Jadeveon Clowney said hello to Houston, when the Texans spent the first overall pick in the 2014 NFL Draft on Thursday to land the South Carolina junior defensive end.
The Texans used their full 10-minute allotment before handing in the selection to NFL commissioner Roger Goodell, but it was expected to be Clowney despite Houston's great need for a quarterback. It won't take much time at all for on-field expectations to reach unrealistic levels for Clowney, but the 21-year-old is accustomed to other-worldly visions for potential.
The Texans held the No. 1 overall pick for the third time in franchise history. Houston drafted defensive end Mario Williams in 2006 and quarterback David Carr in 2002.
Owner Bob McNair, a South Carolina alumnus, said multiple times -- including this week -- Clowney was the best player in the draft. Some viewed that as bait in the water from a franchise outwardly trolling for a trade partner, but the potential for greatness is undeniable with the 6-foot-5, 266-pound phenom.
"He is a remarkable player. He's one of these players that's really a once-in-every-10-years kind of physical specimen that comes along," McNair said.
Clowney runs the 40-yard dash in 4.47 seconds and 10-yard split of 1.55 seconds -- his official time was announced at 4.53 at the Scouting Combine. He has an 83-inch wingspan, broad jumps 10 feet, 5 inches and has a 37.5-inch vertical, the kind of natural traits that sparked some scouts to make extreme comparisons of Clowney -- to Hall of Famers Bruce Smith and Lawrence Taylor, among other.
"I love to watch him. I think I can do what he did - run around a lot of guys, make a lot of plays, even though you can't hit like they were hitting back then," Clowney said of the comparison to LT.
Based on talent alone, Clowney could have been the first player drafted in 2013. Due to NFL rules, he wasn't eligible and perhaps coasted through his junior season. That was the public perception. But coach Gamecocks Steve Spurrier, who didn't deny an average work ethic and compared Clowney to former first-round pick Jevon Kearse, said there were times the Gamecocks took him off the field at practice knowing the offense couldn't handle him.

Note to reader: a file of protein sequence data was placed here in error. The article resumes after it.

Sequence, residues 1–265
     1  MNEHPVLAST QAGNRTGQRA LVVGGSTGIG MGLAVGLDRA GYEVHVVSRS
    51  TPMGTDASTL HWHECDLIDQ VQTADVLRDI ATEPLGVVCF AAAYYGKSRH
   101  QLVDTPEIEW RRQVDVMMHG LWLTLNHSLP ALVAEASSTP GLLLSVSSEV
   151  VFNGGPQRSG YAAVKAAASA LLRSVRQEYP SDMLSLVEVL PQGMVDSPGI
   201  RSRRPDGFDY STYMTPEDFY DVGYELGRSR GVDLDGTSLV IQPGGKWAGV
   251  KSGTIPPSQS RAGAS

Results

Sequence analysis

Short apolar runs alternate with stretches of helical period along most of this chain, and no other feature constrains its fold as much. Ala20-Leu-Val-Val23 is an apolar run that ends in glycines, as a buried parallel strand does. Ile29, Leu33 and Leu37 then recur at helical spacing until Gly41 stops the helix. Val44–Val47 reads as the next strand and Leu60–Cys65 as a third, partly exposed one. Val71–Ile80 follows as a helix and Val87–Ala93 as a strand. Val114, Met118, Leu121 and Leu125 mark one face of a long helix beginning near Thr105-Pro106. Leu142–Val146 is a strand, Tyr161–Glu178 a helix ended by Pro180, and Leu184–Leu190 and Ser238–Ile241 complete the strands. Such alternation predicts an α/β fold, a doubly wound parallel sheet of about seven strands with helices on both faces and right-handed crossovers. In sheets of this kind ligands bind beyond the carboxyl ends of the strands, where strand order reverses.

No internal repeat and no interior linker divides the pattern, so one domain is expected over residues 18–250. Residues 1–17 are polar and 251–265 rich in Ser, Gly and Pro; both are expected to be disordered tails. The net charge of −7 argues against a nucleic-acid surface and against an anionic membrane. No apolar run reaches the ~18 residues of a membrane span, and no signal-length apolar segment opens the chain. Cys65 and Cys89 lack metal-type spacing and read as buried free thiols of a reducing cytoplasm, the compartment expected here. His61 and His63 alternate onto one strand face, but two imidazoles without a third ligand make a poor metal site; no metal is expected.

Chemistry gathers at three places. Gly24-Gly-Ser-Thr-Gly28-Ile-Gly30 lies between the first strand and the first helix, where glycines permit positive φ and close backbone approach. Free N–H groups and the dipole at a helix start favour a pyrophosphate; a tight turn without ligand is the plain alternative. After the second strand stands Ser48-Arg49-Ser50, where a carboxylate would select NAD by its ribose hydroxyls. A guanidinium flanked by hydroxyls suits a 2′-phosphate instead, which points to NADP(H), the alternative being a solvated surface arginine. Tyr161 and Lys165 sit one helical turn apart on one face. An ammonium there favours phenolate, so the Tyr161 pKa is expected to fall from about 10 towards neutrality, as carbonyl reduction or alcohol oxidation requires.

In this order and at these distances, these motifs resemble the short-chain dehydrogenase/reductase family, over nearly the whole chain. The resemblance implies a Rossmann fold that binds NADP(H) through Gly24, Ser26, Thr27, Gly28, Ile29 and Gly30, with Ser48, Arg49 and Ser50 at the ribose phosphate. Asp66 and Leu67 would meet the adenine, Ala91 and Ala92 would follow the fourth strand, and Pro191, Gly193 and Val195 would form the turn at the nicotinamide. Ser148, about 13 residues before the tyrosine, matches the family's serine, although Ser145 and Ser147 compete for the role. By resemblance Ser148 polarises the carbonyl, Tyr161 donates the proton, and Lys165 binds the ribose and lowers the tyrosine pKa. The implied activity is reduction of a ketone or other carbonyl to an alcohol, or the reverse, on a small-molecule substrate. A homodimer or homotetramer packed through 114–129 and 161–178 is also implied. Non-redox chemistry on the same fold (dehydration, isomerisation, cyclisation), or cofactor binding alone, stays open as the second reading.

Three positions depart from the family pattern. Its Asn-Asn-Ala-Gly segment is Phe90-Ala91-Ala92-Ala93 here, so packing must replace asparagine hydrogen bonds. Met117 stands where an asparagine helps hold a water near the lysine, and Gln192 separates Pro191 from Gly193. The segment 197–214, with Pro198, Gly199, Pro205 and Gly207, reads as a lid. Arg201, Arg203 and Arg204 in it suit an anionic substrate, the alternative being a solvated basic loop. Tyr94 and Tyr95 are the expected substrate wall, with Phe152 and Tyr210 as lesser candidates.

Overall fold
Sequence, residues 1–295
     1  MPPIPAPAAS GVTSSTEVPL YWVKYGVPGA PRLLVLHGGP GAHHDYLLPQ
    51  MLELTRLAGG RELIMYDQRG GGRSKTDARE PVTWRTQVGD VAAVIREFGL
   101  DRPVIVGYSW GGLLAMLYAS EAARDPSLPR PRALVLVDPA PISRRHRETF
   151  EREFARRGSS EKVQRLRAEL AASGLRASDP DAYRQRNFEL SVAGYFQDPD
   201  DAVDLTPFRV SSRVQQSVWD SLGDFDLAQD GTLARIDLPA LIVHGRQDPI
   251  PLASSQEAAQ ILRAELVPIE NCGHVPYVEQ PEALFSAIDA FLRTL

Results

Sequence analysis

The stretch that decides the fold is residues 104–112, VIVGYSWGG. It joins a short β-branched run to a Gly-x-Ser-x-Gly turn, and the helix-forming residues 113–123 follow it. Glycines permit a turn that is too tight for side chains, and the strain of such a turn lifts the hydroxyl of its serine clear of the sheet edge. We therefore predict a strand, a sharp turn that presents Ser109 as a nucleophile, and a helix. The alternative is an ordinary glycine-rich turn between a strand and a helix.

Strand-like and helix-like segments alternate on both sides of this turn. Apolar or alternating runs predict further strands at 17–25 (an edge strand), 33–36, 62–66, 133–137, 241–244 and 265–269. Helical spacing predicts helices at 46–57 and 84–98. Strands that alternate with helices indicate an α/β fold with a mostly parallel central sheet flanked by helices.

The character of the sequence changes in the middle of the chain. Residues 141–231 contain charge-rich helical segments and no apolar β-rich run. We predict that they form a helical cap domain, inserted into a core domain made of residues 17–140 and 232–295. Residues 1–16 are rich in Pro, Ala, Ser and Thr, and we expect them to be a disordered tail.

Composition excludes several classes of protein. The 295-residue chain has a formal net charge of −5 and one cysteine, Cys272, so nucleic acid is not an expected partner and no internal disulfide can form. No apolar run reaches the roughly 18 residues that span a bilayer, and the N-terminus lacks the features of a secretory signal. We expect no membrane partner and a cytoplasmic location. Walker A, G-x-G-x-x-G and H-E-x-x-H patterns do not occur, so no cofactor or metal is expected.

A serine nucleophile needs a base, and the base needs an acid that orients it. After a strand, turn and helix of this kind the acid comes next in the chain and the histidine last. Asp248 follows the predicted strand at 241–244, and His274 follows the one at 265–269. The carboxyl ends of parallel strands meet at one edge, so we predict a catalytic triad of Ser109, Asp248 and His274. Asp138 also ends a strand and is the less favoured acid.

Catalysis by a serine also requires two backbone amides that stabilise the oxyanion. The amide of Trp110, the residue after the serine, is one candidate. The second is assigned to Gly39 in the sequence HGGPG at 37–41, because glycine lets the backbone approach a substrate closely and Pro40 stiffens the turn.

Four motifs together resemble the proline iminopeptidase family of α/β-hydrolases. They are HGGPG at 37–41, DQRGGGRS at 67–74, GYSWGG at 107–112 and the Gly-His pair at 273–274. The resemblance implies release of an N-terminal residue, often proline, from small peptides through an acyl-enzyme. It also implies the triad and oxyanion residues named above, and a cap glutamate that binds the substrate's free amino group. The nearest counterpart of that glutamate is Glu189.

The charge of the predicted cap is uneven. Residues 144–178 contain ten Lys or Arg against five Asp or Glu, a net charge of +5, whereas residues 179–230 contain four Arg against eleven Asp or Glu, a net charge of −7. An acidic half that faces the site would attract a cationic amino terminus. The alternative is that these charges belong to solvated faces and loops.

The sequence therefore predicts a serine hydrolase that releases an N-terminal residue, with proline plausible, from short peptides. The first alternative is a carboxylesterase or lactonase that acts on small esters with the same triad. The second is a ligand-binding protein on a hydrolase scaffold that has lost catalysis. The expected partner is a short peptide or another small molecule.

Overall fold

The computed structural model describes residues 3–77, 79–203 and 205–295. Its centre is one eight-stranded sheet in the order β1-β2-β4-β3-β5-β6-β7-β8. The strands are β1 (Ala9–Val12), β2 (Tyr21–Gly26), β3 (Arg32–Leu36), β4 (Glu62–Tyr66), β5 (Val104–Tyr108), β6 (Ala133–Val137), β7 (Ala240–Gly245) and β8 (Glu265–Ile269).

Not many blockers could, at least in his All-American sophomore season. Clowney led the nation with 23.5 tackles for loss and 13.5 sacks and was named SEC Defensive Player of the Year. He finished sixth in Heisman Trophy balloting. The precipitous decline in output in 2013 to 11.5 tackles for loss and 3.5 sacks pulled critics out of the woodwork to take Clowney to task for questionable effort and intensity.
"I'm going to go out there and work hard for the Texans," Clowney told NFL Network's Deion Sanders after shaking hands with Goodell at the podium. "I know what I can do on the field. I'm going to go out there and prove it to these guys who have been doubting me, and just work."
Texans coach Bill O'Brien, whose background is offense with the New England Patriots and at Penn State, said at Clowney's April Pro Day workout in Columbia, S.C., that the Texans had "absolutely no concerns" about work ethic.
The Texans are banking on Clowney guiding a rapid turnaround. Houston had 31 sacks last season and Wade Phillips' defense finished seventh overall, but surrendered big plays too often and gave up almost four touchdowns per game (24th in the NFL).
With All-Pro left defensive end J.J. Watt, the 11th overall pick in 2011, drawing near-constant double team blocks and first-round picks at two linebacker positions -- Brian Cushing inside and Whitney Mercilus at right outside 'backer -- defensive coordinator Romeo Crennel could assemble a fearsome defensive front.
Clowney was a defensive end at South Carolina, and projects to outside linebacker in the Texans' "multiple" defense that emphasizes a three-down linemen front. Watt is also adept at sliding inside on pass-rushing downs.
Crennel utilized Willie McGinest, the fourth overall pick in 1994 and a 6-5, 270-pound defensive end convert, as a pass rusher (86 career sacks), but did so in an era in which three- and four-wide receiver spread offense style formations were the exception. Today, they are the norm.
Clowney's athleticism is undisputable. In this defense where he is asked to trail a tight end in coverage or meet a running back on a wheel route, his potential impact must be measured in projecting how he assimilates this unfamiliar role.
With Watt, a noted strong leader by example with the rare athletic traits to match Clowney, the hope in Houston is Clowney takes to becoming a professional and franchise face as Watt did to maximize his skills and help lift the Texans out of the AFC South cellar.
That begins with chasing, and bringing down, Andrew Luck and the Indianapolis Colts.